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Northwest Voices

Seattle Times letters to the editor

September 5, 2013 at 7:32 AM

Brutality rises in Iraq

What have we gained?

Mourners carry a coffin of a car bomb victim during the funeral in the Shiite holy city of Najaf,  Iraq, Wednesday, Sept. 4, 2013. The killings come amid a spike in deadly violence in recent months as insurgents try to capitalize on rising sectarian and ethnic tensions. The scale of the bloodshed has risen to levels not seen since 2008, a time when Iraq was pulling back from the brink of civil war. [AP Photo]

Mourners carry a coffin of a car bomb victim during the funeral in the Shiite holy city of Najaf, Iraq, Wednesday, Sept. 4, 2013. The killings come amid a spike in deadly violence in recent months as insurgents try to capitalize on rising sectarian and ethnic tensions. The scale of the bloodshed has risen to levels not seen since 2008, a time when Iraq was pulling back from the brink of civil war. [AP Photo]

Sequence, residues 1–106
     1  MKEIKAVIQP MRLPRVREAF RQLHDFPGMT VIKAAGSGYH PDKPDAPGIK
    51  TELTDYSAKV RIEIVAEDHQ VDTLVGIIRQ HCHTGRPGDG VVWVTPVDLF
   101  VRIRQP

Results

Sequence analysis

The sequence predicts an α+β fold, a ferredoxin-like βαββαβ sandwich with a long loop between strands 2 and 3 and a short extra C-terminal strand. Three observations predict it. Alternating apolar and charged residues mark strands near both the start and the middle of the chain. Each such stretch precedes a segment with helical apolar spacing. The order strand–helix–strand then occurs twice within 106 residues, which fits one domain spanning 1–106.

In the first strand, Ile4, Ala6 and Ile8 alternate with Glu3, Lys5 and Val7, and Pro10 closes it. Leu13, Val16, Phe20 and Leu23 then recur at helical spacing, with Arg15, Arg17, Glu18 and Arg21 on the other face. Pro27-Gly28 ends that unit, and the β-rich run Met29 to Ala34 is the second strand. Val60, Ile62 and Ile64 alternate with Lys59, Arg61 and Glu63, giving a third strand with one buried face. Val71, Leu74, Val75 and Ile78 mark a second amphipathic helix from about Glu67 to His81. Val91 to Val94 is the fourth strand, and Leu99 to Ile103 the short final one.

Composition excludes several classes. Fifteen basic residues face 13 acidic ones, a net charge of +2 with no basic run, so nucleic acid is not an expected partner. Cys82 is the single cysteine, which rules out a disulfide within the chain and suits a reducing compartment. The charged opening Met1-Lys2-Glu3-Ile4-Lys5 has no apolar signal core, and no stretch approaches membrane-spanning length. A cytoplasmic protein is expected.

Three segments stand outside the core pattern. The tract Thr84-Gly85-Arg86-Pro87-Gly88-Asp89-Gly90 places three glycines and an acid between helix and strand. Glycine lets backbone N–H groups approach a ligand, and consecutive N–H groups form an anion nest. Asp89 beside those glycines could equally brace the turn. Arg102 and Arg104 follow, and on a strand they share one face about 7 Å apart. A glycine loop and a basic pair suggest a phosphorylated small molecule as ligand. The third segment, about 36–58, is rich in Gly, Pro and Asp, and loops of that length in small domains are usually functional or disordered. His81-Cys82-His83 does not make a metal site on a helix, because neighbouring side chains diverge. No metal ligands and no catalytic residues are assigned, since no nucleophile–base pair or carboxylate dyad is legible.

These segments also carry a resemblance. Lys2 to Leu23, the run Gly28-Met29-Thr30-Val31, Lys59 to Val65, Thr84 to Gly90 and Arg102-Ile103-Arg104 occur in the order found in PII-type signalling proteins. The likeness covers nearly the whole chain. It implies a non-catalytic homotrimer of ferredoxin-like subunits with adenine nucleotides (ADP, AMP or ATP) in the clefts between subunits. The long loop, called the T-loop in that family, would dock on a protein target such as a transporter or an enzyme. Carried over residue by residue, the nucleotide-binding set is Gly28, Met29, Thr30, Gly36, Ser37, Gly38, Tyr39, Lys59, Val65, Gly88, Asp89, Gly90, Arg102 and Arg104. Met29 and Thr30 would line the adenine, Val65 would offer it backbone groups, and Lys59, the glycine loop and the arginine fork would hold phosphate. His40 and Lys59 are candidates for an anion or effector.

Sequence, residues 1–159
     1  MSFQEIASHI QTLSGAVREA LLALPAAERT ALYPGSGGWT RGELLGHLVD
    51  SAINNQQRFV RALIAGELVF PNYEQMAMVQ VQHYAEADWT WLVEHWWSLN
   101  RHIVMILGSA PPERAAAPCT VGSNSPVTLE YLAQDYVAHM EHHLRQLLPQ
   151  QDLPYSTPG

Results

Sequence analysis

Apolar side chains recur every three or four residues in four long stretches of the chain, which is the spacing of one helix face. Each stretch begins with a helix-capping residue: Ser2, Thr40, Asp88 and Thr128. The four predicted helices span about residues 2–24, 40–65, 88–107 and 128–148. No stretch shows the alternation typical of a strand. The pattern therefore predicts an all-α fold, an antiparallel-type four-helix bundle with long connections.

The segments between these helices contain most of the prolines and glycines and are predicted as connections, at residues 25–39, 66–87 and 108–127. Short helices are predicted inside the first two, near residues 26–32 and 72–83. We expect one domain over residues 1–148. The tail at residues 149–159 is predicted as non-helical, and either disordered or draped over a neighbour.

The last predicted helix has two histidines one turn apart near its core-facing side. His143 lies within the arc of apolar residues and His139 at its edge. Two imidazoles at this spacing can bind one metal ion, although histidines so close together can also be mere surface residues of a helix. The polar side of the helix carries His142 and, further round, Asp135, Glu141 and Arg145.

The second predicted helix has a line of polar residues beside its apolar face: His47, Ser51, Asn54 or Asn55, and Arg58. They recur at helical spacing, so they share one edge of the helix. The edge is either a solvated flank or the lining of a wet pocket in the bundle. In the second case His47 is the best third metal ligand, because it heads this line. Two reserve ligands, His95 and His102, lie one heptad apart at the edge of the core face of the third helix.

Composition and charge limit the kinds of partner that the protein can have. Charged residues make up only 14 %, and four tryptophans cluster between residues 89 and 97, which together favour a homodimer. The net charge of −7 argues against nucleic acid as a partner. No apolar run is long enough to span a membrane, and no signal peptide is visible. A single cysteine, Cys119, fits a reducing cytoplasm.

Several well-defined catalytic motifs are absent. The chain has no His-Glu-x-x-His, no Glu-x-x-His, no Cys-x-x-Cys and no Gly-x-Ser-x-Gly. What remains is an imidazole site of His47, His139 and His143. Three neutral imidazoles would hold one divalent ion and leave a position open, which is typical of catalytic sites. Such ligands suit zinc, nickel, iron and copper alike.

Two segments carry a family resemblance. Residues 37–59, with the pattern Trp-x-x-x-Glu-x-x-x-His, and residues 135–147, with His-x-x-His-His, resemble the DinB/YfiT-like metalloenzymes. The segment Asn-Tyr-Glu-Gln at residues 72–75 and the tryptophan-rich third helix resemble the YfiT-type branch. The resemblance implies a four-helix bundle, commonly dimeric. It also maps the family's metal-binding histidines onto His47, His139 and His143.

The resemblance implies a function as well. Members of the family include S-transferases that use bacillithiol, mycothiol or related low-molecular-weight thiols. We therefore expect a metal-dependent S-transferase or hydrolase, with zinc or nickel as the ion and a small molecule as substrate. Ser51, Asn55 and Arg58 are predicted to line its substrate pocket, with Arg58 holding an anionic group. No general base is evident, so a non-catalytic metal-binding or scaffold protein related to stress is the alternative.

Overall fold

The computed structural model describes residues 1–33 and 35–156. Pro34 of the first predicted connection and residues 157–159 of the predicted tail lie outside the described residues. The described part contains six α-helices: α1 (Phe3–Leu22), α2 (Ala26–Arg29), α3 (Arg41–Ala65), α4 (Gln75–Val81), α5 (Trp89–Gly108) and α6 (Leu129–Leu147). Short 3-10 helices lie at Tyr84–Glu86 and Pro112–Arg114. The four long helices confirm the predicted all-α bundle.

I’m writing in response to the recent article in The Times, about video proof of violence in Iraq. I’m puzzled. [“Videos show rising brutality in Iraq,” News, Aug. 31.]

Let’s recap: The U.S. invaded Iraq in 2003 to ferret out its weapons of mass destruction (WMD) and to oust President Saddam Hussein.

Hussein was considered by some to be the main instigator of the prevalent Shiite-Sunni conflicts in Iraq. There was also vague harrumphing about his allowing an active al-Qaida presence there.

As we all know, there were no WMD and Saddam Hussein, despite being no angel, had managed to keep al-Qaida terrorists at bay.

Today in Iraq, 10 years later, countless lives — military and civilian — have been and continue to be lost, hundreds of millions of our tax dollars were spent, and Shiite/Sunni violence is rearing up again. Al-Qaida terrorism is now robust.

What, exactly, have we gained?

Kathy Swoyer, North Bend

0 Comments | More in Foreign policy, Iraq war, Politics | Topics: brutality, iraq, saddam hussein

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